Be careful what you measure: five points to consider when developing KPIs for your call centre

Wednesday 21 May 2014

Customer experience is viewed as the key to success. And in today’s online world of multi and omni-channel, call/contact centres play an important role in delivering a consistent branded service across all customer touch points.

Yet despite call/contact centres being at the very heart of providing an outstanding service, all too often, businesses stick to using standard performance indicators, which monitor operational effectiveness, rather than looking at the bigger picture. Whilst these productivity measures, such as abandoned calls, the number of calls answered and average call length are important, taking a more holistic approach is essential when developing a set of tailored KPIs that measure a call centre’s real contribution to the organisation. Looking at the mind-set of a customer, think about what do they expect when contacting a business? Also keep at the centre of your measurement the Customer Effort Score. This looks at the ‘effort’ a customer has to make to be served by a business and is calculated in a similar way to Net Promoter Score.

1. Organisation’s business objectives
The starting point is to be clear about the organisation’s long-term business strategy and the role the call/contact centre will play in achieving these goals. Then, once the centres objectives have been established, a set of KPIs consistent with the required performance of the call centre can be developed. Naturally, these will differ dependent on the centres’ function - order taking, business development or customer retention units would use different sets of KPIs to measure their effectiveness.

2. Understand customer lifetime value (CLV)
Customer lifetime value (CLV) measures the monetary value of a customer for the duration of its relationship with the company. Understanding the lifetime value for different customer segments is essential when considering how much to spend on both acquiring and retaining clients.  For example, customers, that are expensive to recruit and initially look unprofitable, can prove to be extremely profitable when all future sales are taken into account.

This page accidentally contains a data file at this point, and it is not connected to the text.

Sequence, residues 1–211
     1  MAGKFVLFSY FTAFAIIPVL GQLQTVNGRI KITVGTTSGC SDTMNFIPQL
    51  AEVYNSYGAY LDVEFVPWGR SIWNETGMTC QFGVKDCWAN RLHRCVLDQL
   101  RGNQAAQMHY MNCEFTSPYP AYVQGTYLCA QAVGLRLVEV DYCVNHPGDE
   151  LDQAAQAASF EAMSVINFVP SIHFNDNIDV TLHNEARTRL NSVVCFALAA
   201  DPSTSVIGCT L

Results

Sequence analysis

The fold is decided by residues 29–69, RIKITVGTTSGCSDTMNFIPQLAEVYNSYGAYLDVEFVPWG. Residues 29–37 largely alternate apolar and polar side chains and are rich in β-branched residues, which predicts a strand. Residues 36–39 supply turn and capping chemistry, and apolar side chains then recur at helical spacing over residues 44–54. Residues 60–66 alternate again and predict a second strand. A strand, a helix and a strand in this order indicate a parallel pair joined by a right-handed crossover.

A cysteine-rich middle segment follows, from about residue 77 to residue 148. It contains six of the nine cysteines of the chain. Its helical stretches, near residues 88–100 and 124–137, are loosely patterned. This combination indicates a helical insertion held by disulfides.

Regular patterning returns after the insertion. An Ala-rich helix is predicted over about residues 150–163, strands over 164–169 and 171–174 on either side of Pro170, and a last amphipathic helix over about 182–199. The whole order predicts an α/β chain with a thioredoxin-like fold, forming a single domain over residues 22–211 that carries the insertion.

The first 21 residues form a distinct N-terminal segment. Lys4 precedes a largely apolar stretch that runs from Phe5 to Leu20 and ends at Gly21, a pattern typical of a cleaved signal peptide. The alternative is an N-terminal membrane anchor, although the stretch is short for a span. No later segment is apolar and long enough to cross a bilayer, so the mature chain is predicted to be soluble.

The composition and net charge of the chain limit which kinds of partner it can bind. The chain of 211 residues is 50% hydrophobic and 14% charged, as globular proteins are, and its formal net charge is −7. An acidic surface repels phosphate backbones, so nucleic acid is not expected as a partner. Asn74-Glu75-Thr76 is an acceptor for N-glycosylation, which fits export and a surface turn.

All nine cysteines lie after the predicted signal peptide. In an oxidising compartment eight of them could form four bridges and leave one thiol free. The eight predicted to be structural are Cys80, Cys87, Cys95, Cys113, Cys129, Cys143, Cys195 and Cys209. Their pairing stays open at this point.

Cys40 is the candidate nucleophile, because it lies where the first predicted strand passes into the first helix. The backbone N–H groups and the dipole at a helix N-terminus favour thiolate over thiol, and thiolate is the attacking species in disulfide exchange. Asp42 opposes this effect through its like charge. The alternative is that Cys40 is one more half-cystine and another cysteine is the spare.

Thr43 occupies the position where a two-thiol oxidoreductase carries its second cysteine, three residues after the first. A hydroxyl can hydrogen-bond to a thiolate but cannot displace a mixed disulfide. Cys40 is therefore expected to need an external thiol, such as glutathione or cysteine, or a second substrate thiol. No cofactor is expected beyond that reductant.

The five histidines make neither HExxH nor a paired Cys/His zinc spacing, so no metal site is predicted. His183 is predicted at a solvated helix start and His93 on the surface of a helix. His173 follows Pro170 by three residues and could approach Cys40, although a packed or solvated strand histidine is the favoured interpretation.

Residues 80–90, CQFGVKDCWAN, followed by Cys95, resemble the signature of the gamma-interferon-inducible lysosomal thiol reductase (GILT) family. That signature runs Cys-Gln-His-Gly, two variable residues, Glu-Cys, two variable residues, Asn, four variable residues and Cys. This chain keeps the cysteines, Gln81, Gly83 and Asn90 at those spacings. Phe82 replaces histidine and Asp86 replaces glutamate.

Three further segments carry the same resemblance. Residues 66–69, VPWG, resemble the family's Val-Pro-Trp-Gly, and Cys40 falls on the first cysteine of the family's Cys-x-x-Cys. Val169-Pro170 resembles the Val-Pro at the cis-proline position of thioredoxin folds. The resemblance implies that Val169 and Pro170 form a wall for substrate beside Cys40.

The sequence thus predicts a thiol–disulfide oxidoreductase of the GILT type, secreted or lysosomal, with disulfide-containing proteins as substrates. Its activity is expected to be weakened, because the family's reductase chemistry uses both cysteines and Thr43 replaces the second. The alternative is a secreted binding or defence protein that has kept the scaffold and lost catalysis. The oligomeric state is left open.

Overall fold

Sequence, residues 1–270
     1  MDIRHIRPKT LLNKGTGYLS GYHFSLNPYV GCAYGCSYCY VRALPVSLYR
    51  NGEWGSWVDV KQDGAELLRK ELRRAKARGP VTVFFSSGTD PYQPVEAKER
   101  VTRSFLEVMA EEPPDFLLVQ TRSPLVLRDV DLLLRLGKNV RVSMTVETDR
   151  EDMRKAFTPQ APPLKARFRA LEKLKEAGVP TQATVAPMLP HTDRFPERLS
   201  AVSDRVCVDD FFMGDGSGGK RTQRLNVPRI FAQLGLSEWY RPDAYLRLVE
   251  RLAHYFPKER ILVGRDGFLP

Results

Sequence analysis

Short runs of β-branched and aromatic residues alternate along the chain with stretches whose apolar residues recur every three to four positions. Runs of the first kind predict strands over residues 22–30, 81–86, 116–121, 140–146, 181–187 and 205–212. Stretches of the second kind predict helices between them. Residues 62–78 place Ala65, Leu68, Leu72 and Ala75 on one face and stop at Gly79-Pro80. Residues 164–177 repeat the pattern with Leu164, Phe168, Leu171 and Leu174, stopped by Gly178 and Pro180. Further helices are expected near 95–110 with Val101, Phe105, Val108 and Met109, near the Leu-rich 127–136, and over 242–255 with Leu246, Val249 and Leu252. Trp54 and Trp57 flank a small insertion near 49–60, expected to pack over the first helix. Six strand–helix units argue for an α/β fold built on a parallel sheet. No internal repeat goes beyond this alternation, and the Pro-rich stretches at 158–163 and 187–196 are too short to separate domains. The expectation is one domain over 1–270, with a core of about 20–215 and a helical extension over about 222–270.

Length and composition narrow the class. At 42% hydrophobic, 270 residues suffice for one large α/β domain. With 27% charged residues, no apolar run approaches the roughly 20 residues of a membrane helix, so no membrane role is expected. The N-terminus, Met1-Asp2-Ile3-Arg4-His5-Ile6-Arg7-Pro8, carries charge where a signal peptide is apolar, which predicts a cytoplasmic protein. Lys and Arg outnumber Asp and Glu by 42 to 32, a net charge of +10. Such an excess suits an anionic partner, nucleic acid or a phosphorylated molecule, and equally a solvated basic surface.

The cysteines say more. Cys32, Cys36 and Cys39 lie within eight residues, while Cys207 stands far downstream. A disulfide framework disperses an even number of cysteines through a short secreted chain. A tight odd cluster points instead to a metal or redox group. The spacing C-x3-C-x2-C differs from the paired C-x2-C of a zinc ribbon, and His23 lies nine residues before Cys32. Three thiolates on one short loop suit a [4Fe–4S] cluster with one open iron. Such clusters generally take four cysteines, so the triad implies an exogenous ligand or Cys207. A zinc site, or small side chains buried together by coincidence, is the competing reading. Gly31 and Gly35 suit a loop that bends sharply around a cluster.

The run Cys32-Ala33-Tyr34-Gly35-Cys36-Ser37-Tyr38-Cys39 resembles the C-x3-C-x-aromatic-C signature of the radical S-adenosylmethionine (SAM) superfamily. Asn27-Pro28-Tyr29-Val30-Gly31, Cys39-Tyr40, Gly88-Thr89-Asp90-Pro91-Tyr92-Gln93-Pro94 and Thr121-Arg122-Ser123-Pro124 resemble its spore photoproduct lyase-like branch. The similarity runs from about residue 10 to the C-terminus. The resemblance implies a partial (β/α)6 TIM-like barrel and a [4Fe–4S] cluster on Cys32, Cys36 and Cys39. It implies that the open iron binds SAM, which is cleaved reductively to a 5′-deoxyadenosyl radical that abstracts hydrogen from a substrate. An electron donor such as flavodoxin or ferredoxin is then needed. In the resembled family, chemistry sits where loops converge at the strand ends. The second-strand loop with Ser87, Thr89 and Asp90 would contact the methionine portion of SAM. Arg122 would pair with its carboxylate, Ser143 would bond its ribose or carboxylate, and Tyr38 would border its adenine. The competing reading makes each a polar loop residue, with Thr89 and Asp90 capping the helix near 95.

3. Call centre effectiveness
Once the objectives of the call/contact centre have been established and the CLV by segment are clearly understood, the KPIs for operational efficiency can be developed. Tailored KPIs will generally fall under three headings: customer satisfaction (e.g. abandoned calls, first time resolution etc.,) operational efficiency (average call time, cost per call etc.) and contribution to business (total sales, cross-sell, customer retention etc.).

4. Reward & recognition structure
A well thought out incentive scheme is also key to a call/contact centre performing successfully.  Poorly conceived reward structures can skew performance with unintended consequences. For example, in the financial services sector, it might be better to incentivise the number of sales rather than the value of new business – so that agents are encouraged to sell the most appropriate product rather than the one with the highest value. Recognising individuals contributions is essential to embedding the correct behaviours into habits; a simple ‘thank you, well done, I liked the way…’ can often be more motivational than monetary rewards.

5. Turnover and absenteeism
Providing an engaging and positive working environment for agents is important, if a call/contact centre is to perform at the required level.  The initial recruitment process and induction programme sets the tone. Then, regular training - be it self-led or formalised - and workplace coaching provides on-going support to help retain and develop the team.  Monitoring turnover, particularly in the first year, and absenteeism is important to evaluate the effectiveness of your call/contact centre. Think about the cost to the business to replace those who leave due to bad management.

If you would like to discuss the effectiveness of your call centre, please do get in touch – we would love to hear from you.

 

This post was written by

Mark BW McDermott

Account Director

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